James B. Whitney 1 , 2 , Alison L. Hill 3 , Srisowmya Sanisetty 1 , Pablo Penaloza-MacMaster 1 , Jinyan Liu 1 , Mayuri Shetty 1 , Lily Parenteau 1 , Crystal Cabral 1 , Jennifer Shields 1 , Stephen Blackmore 1 , Jeffrey Y. Smith 1 , Amanda L. Brinkman 1 , Lauren E. Peter 1 , Sheeba I. Mathew 1 , Kaitlin M. Smith 1 , Erica N. Borducchi 1 , Daniel I.S. Rosenbloom 3 , Mark G. Lewis 4 , Jillian Hattersley 5 , Bei Li 5 , Joseph Hesselgesser 5 , Romas Geleziunas 5 , Merlin L. Robb 6 , Jerome H. Kim 6 , Nelson L. Michael 6 , Dan H. Barouch 1 , 2
20 July 2014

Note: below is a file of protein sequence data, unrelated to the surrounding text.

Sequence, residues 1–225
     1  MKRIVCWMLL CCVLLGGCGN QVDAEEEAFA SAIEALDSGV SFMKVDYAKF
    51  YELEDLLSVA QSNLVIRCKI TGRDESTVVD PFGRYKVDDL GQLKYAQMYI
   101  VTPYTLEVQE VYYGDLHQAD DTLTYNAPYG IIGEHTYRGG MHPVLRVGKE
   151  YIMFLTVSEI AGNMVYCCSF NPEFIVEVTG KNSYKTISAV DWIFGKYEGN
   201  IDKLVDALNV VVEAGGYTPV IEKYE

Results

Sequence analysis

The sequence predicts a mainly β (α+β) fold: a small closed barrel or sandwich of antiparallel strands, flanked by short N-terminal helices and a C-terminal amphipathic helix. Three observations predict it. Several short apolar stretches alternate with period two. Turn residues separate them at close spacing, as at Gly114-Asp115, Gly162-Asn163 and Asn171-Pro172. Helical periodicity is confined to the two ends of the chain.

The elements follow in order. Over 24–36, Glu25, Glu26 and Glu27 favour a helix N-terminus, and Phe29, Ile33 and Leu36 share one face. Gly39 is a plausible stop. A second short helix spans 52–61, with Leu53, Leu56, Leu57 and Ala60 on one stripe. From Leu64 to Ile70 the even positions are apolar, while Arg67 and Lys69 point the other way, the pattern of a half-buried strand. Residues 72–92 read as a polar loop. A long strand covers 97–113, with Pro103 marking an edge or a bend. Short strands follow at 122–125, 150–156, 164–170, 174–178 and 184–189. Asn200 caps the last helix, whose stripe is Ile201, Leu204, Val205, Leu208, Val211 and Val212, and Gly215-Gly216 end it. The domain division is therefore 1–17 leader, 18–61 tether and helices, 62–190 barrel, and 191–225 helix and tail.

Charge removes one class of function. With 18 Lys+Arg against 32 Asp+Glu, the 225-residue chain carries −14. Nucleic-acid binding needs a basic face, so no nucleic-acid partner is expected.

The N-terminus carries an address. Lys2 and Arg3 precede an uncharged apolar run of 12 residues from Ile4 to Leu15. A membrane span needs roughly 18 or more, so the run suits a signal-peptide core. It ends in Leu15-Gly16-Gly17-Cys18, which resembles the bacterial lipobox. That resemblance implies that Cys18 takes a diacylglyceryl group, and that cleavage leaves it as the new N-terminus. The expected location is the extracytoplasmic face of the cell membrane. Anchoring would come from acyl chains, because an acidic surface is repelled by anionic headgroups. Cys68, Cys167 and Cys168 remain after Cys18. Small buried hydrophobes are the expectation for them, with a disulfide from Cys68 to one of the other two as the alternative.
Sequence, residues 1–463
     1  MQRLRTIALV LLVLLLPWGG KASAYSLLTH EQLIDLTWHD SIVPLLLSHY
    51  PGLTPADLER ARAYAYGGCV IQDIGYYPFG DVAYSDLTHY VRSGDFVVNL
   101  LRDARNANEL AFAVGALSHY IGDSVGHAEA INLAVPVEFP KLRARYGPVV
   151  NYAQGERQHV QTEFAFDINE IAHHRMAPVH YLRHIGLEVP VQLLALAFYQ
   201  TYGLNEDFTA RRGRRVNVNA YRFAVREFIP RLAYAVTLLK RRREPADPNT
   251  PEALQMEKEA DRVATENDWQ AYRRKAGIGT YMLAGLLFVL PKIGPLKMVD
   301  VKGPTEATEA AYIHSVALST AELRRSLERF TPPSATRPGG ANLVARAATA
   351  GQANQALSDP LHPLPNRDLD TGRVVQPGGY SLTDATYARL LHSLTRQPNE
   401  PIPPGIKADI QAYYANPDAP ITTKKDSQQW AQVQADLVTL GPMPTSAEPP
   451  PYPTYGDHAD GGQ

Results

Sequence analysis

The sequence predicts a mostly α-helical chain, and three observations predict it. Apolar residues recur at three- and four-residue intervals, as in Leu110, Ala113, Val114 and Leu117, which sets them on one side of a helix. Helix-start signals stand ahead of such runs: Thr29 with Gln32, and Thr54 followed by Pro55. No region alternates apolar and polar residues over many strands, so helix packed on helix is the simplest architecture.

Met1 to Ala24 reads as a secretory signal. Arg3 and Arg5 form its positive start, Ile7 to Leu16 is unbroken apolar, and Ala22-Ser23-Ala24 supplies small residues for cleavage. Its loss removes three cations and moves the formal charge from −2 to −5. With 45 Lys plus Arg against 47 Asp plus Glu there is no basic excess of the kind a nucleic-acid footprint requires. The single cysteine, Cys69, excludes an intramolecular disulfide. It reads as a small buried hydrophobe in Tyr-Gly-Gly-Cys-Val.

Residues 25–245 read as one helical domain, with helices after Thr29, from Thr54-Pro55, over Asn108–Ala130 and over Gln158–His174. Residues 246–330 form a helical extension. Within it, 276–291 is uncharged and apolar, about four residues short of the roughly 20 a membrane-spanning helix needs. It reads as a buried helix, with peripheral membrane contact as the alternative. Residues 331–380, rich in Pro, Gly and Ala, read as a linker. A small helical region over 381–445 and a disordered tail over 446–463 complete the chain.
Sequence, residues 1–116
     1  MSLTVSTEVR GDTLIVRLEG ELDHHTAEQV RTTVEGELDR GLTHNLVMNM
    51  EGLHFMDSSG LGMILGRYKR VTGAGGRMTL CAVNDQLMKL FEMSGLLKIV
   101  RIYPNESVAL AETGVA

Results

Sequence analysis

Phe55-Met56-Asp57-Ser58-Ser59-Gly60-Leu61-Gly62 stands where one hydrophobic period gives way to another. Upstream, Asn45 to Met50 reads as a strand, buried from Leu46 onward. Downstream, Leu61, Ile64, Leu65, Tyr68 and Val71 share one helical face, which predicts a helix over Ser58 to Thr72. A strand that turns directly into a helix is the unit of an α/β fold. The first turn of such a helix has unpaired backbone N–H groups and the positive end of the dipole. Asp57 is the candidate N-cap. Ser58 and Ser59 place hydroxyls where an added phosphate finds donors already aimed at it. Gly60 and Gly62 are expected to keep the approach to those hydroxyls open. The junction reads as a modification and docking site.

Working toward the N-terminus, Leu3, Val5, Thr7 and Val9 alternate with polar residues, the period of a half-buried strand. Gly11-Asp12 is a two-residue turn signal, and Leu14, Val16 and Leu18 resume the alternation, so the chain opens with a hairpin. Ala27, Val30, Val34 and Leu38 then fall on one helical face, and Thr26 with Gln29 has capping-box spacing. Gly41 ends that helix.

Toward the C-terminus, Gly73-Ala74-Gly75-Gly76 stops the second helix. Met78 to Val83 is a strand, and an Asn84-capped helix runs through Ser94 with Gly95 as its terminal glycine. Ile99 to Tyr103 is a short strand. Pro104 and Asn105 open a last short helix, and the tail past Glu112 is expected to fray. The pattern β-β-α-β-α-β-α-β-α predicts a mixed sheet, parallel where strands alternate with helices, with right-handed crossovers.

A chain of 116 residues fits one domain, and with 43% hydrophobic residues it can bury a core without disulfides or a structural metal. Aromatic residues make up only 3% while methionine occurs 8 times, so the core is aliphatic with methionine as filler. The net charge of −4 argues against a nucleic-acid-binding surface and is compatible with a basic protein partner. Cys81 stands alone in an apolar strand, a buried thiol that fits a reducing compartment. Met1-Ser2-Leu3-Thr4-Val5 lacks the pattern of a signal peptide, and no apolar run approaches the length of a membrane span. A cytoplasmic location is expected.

The viral reservoir represents a critical challenge facing HIV-1 eradication strategies 1– 5 . However, it remains unclear when and where the viral reservoir is seeded during acute infection and the extent to which it is susceptible to early antiretroviral therapy (ART). Here we show that the viral reservoir is seeded very early following mucosal SIV infection of rhesus monkeys and prior to systemic viremia. We initiated suppressive ART in groups of monkeys on days 3, 7, 10, and 14 following intrarectal SIVmac251 infection. Treatment on day 3 blocked the emergence of viral RNA and proviral DNA in peripheral blood and also substantially reduced levels of proviral DNA in lymph nodes and gastrointestinal mucosa as compared with treatment at later timepoints. In addition, treatment on day 3 abrogated the induction of SIV-specific humoral and cellular immune responses. Nevertheless, following discontinuation of ART after 24 weeks of fully suppressive therapy, virus rebounded in all animals, although animals treated on day 3 exhibited a delayed viral rebound as compared with animals treated on days 7, 10 and 14. The time to viral rebound correlated with total viremia during acute infection and with proviral DNA at the time of ART discontinuation. These data demonstrate that the viral reservoir is seeded very early following intrarectal SIV infection of rhesus monkeys, during the “eclipse” phase, and prior to viremia. This strikingly early seeding of the refractory viral reservoir raises important new challenges for HIV-1 eradication strategies.